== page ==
The sky is the limit; India’s solar ambition set to increase pace

Indian woman wearing a sari. Photo.India’s Prime Minister has an impressive track record of state solar energy development. This looks set to be replicated at the national level.

India’s surface area receives large amounts of solar radiation, making it highly conducive to the generation of solar power. India’s solar programme, launched in 2010, set a goal of deploying 20,000 MW of grid-connected solar power by 2022. The mission includes research and development, a thorough policy framework, technology innovation, and domestic production of materials such as silicon wafers, solar collectors, storage systems and other solar photovoltaic equipment. The aim is to produce solar power at costs competitive with fossil fuel-based energy, in order to curb climate change, employ at least 100,000 specialized personnel, and achieve energy security and access.

States have set their own targets, with Gujarat at the forefront of solar policies. Gujarat initiated Asia’s largest solar park in Charanka village. Solar panels installed atop the Narmada canal will generate 1.6 million units of clean energy per year, and prevent 9 million litres of water from evaporating, increasing water security for poor farmers. Gandhinagar, heralded to be a solar city for its rooftop solar power project, will be a model for other cities with ample sunlight, such as Delhi. Gujarat’s Chief Minister and current Prime Minister, Narendra Modi seems a promising candidate to provide adequate government support to actualise these ambitious solar power targets. The Ministry of New and Renewable Energy plans to build transmission infrastructure and allocate land in selected states for solar parks. State governments will also be given incentive for using state-controlled land for solar parks. Solar power will be supplied to the national grid along with thermal power, and routed to cities with solar parks. Subsidized interest rates on loans and zero import duty on raw materials will further incentivize investors.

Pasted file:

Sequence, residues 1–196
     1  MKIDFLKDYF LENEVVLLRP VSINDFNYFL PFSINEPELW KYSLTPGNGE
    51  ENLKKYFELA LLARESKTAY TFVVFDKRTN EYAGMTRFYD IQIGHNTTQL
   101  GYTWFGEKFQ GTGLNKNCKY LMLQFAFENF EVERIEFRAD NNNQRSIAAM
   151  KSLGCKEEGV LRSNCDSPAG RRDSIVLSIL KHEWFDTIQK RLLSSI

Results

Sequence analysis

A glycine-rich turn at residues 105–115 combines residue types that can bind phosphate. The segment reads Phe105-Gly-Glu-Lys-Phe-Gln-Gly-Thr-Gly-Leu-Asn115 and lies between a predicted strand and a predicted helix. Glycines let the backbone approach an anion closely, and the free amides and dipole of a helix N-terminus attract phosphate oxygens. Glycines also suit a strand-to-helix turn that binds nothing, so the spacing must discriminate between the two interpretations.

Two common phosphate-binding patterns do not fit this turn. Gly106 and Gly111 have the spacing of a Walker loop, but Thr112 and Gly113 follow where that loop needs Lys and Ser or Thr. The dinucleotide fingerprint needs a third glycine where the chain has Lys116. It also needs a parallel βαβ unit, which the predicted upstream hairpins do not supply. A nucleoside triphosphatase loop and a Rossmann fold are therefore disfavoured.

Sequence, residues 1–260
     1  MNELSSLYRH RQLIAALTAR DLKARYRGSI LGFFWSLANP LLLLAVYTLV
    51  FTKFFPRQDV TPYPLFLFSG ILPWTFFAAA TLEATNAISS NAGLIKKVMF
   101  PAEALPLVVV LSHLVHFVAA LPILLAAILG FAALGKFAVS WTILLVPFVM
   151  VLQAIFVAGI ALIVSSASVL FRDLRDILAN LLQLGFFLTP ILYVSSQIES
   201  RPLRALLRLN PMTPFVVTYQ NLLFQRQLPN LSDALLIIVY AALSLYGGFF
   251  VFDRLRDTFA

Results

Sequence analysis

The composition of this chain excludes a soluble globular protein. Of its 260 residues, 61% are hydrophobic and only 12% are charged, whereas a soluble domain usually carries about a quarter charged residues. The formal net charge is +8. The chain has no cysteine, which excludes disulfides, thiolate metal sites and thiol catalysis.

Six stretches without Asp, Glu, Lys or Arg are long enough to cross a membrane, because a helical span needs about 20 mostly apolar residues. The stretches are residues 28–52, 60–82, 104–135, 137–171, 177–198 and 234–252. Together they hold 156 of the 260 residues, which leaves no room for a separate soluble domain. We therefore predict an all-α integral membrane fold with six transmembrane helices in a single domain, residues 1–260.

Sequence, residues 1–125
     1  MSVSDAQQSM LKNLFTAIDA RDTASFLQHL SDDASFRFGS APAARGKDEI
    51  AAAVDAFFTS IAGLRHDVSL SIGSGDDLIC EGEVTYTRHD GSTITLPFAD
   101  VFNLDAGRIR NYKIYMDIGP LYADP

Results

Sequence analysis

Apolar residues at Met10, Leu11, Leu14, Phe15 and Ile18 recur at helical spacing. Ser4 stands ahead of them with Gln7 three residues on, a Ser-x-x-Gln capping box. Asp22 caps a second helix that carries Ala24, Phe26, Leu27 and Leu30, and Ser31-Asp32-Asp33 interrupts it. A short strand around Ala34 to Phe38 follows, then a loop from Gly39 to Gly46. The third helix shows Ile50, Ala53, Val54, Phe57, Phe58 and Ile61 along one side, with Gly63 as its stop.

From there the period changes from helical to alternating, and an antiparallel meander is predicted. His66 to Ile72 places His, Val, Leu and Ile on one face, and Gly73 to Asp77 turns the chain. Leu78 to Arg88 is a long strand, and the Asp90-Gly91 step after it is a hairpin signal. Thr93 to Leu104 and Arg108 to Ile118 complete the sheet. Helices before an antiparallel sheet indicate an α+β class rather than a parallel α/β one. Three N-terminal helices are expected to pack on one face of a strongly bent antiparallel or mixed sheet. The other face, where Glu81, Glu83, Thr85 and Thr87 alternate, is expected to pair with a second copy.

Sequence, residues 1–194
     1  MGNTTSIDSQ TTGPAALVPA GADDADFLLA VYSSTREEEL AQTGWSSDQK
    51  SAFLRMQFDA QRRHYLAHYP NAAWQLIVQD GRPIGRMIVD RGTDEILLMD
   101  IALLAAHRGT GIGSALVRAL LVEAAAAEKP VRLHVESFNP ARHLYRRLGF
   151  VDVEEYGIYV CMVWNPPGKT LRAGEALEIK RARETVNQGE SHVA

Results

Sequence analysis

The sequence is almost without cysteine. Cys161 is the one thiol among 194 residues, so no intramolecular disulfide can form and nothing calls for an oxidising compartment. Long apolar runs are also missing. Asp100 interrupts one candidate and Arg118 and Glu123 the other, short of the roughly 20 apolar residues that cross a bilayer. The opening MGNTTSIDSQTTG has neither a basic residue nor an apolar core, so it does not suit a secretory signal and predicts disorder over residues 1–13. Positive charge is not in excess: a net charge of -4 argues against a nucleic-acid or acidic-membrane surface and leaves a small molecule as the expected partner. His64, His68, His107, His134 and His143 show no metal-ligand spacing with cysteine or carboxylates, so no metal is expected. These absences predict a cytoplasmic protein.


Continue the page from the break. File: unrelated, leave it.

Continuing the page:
Alongside the development of solar power, the Ministry of Power and Coal also plans to expand coal power, to meet India’s growing energy needs and supply electricity to hundreds of villages. To fund renewable energy, the government has doubled the tax per metric ton of coal mined or imported from ₹50 to ₹100. This revenue will be used to finance the National Clean Energy Fund, which will develop renewable energy projects. Incentives are given to shut down outdated and polluting coal plants. Still, the expansion of coal is met with international criticism, and there is a pressure on developing nations such as India to reduce coal dependency and shift to clean technologies and renewable energy. As the UN Climate Conference approaches in December and the new government’s energy policies are set in motion, decentralised energy solutions like biogas, bio-fuels, and solar power are gaining importance in both policy and market.